A peach of a day today.
Chilled champagne in the sunshine
with old friends one, two,  three
surprising us with visits,
my home-made coffee walnut cake for tea.
coffee walnut cake







A prompt a day gave us “Today” to write about, in fewer than 33 words and we’ve had a lovely day.

Posted in food, free verse, life writing, short poetry | Tagged | 10 Comments

Let’s Get Started

Content to have finished the train crash quilt, I started a new project last night – having spotted a photo of a Japanese folded patchwork bag in an old copy of Fabrications Quilting For You  I thought I’d have a go,  so far without the foggiest idea of how to put it together!

Japanese folded bag designLast night I made four of the folded blocks, and am raring to go to make some more:

Let's get started
ready to go

In case you’re not familiar with Japanese folded patchwork, here’s how it works.  Cut
circles of background fabric – I drew round a tea plate, but have in the past used a dinner plate. Turn in a narrow hem with tiny running stitches to keep it in place.  Cut squares of batting and feature fabric slightly smaller than your hemmed circle, and place one of each  in the centre of the wrong side of a background circle.  Turn in the background circle around each side of the centre square, pin in place and then slipstitch the edges down.   An all in one operation, no need for backing, single block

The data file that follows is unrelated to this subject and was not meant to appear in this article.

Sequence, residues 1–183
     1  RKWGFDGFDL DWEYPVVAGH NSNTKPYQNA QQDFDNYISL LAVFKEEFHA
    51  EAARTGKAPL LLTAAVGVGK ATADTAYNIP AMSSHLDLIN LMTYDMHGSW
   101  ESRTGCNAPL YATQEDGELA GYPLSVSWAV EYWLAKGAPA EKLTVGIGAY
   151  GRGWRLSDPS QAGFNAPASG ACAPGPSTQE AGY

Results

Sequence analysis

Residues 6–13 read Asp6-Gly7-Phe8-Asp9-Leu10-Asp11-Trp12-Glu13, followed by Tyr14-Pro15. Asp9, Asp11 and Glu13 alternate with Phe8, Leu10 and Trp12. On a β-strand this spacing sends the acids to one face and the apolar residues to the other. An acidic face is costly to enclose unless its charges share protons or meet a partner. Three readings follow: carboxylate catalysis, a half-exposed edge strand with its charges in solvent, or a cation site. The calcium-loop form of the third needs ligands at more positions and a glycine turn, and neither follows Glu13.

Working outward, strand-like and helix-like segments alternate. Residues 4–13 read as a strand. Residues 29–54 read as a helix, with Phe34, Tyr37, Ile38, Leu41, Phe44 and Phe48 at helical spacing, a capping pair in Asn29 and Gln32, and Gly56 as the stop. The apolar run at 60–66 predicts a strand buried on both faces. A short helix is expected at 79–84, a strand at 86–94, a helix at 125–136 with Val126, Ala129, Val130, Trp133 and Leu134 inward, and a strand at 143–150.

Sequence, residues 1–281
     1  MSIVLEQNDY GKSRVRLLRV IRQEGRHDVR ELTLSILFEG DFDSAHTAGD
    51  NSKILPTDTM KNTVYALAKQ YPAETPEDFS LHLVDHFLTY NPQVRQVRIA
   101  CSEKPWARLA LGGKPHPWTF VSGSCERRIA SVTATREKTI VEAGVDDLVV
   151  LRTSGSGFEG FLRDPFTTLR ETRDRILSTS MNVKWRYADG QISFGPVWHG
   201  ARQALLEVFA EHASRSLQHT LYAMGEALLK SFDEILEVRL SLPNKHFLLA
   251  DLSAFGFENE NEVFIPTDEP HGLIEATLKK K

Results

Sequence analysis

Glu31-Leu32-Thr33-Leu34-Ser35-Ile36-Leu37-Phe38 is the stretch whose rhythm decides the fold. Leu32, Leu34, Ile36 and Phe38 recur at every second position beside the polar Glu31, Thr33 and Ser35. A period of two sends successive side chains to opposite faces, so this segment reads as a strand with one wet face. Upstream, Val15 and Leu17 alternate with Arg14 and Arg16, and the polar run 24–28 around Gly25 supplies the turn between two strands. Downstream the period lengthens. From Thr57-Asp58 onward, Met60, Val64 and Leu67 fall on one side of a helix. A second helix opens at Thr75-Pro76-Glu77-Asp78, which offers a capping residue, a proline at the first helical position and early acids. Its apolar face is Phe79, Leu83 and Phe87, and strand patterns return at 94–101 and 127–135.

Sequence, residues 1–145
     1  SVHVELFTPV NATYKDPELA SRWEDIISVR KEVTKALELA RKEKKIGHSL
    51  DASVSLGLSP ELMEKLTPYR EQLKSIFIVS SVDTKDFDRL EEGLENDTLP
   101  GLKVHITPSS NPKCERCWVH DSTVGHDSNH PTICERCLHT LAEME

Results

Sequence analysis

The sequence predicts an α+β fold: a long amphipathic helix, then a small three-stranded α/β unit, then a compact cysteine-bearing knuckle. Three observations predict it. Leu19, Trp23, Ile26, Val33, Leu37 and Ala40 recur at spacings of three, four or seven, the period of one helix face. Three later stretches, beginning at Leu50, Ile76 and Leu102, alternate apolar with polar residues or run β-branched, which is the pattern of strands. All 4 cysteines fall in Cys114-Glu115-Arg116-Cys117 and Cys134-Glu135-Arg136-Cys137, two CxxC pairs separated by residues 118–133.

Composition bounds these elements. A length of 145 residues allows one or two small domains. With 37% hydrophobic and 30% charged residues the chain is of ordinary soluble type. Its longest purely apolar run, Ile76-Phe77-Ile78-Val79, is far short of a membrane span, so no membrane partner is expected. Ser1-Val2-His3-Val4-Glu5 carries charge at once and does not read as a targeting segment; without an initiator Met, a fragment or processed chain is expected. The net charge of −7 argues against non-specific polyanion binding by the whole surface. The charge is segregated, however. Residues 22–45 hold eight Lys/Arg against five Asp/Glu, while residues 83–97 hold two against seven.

The next step is to arrange your blocks to whatever shape you want and stitch them together using  a whip stitch with right sides together. You can join blocks into a table runner, place mats or a cushion and  quilt or decorate it as you wish.  I like this kind of cushionsimple hand-sewn project which I can do while watching tv – I do hate to have idle hands!






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OBSESSION – wordle 206

Barbara’s back with an eclectic mix of wordle words, which I couldn’t assemble in one poem, so here are two which hardly merit being called poems.

Quilts galore cover the beds,
escaping onto walls
and out by the open door
to warm the hearts and bones
of friends and relations
near and far across the ocean.


Splintered spine
cracks, collapses,
the body crawls
aching for clay
to cover it

Posted in free verse, life writing, quilts, really bad poetry, wordles | Tagged | 17 Comments


A train-crash of a quilt finished

randomicity uncroppedI call this quilt Randomicity, because everything about it was freehand and at random, made from strips fished out of the scrap box at my local quilt shop, assembled in random order then cut into slices and re-assembled any old how. My machine quilting is pretty bad, so it seemed appropriate to quilt it by machine, in roughly placed all-over triangles.  It was finished  at 11pm last night, so  the photograph was taken when it was almost dark, which is probably a good thing!